How to Increase the Memory Size of Your Notebook Computer

It's not uncommon to discover that the laptop you bought was so inexpensive because it didn't contain enough memory. Neal Nelson, president of Neal Nelson & Associates, explains how to increase your computer's memory.


In some ways a computer is like a car because there are some changes and repairs that the owner can perform on their own. Increasing the size of the computer's memory may be one of them.

CAUTION: By attempting the steps described in this procedure you may ruin your computer. A small spark of static electricity can burn out critical computer circuits. Incorrectly installing a memory module can bend delicate electrical contacts and damage the memory socket. An improperly "seated" module can keep the computer from booting when it is powered up. Be careful and good luck.

Step 1: Determine the Current Size of the Computer's Memory. For computers running Windows, Microsoft provides a program called "Task Manager" that provides a quick display of the system status. Run this program by clicking the right mouse button while the mouse pointer is positioned on the task bar (normally at the bottom of the screen), and then select "Task Manager." Click on the "Performance" tab. Make a notation of the number listed for "Physical Memory (K) - Total." For computers running Linux, login as "root" and type the command "cat /proc/meminfo<RETURN>." Next, note the value for "MemTotal."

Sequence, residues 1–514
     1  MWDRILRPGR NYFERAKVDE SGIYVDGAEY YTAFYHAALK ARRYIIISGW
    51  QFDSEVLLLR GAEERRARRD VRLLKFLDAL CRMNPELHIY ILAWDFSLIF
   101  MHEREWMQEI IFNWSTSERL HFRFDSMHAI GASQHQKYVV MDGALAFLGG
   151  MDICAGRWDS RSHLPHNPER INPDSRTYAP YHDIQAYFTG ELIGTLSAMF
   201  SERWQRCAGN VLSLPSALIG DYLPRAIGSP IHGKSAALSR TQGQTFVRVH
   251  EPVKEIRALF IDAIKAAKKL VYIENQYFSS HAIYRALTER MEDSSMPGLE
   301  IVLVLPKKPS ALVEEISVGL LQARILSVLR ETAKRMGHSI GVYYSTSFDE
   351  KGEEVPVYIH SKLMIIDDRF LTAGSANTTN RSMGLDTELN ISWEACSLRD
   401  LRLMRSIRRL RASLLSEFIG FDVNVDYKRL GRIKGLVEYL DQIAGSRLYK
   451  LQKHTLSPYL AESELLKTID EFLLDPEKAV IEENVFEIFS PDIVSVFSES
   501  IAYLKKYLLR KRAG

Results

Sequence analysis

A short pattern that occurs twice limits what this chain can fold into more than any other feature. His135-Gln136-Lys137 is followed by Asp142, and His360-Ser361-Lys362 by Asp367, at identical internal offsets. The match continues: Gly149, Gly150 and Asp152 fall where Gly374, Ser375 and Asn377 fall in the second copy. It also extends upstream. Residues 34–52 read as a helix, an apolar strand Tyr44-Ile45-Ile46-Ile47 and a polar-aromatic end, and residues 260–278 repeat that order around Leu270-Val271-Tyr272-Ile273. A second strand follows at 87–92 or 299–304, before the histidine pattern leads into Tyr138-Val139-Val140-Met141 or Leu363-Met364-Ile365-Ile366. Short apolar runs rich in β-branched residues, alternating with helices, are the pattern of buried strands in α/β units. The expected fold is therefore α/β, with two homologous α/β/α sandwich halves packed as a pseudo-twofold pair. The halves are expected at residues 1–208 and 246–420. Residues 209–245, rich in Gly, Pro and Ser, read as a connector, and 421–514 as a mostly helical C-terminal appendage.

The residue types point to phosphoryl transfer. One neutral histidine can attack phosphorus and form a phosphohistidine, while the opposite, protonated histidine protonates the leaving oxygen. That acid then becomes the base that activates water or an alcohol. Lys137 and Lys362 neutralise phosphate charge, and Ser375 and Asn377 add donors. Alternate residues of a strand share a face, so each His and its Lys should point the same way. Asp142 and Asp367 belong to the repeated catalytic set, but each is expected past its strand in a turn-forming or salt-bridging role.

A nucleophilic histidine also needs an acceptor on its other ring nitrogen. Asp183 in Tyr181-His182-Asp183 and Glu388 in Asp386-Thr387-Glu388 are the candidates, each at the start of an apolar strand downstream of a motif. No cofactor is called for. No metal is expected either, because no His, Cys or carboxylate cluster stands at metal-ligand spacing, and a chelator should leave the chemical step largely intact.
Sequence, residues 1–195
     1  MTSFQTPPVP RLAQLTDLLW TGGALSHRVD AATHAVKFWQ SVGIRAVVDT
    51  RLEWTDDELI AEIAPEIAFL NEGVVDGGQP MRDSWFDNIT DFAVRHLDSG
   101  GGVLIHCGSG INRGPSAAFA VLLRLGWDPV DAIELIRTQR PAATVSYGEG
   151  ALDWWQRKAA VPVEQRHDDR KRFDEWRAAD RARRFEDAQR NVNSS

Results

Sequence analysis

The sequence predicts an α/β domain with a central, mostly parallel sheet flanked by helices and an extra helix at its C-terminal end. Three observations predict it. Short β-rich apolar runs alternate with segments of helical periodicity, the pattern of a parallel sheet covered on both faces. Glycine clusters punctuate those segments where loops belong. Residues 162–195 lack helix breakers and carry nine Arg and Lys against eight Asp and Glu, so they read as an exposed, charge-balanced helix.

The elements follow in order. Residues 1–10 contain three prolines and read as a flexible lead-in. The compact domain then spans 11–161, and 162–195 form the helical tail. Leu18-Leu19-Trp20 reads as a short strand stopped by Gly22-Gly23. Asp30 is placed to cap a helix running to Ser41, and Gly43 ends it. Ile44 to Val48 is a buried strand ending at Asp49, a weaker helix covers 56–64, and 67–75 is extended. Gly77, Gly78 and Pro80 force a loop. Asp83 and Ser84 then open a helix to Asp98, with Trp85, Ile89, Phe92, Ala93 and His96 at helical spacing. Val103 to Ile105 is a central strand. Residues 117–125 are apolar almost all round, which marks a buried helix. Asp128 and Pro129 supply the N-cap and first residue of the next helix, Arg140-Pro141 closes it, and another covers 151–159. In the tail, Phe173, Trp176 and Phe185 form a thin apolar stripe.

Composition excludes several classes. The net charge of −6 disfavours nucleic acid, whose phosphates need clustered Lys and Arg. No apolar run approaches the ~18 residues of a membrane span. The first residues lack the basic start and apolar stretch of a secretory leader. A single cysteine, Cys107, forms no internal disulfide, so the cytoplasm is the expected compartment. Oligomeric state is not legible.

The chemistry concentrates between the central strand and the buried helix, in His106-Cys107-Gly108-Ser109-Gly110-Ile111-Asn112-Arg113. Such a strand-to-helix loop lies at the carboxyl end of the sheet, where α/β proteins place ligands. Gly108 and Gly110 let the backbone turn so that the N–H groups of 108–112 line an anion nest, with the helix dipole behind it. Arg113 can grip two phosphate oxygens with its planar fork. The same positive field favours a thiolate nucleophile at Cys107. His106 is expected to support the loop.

Step 2: Locate the Memory Modules in the Computer. Power down the computer and unplug the computer's power cord. Remove the laptop's battery. Begin to search for the memory modules. Laptops and notebooks frequently use SO-DIMMs (Small Outline-Dual Inline Memory Modules) like the ones pictured below. Oftentimes the memory modules are located under a small cover on the bottom of the laptop. I have one notebook in which the SO-DIMM socket is located on the top of the machine, but I have to remove the computer's keyboard to access it.


Step 3: Plan Your Upgrade. Consider the total size of the computer's currently installed memory, the number of SO-DIMMs currently installed, if there are any empty SO-DIMM sockets and the desired increase in memory size. Some laptops come with some memory soldered onto the motherboard. This memory is fixed and cannot be removed or upgraded. It is quite possible that you will have to remove one or more existing memory modules to make room for the larger modules that you want to install. You must also determine exactly what type of memory you need. There are many different types of memory modules and only certain ones will be compatible with your machine. If you buy the wrong type of memory, the computer may not boot or you might even "burn out" some components. Many computer and motherboard manufacturers have copies of manuals on-line that will provide the specifications for the memory modules that are compatible with your computer.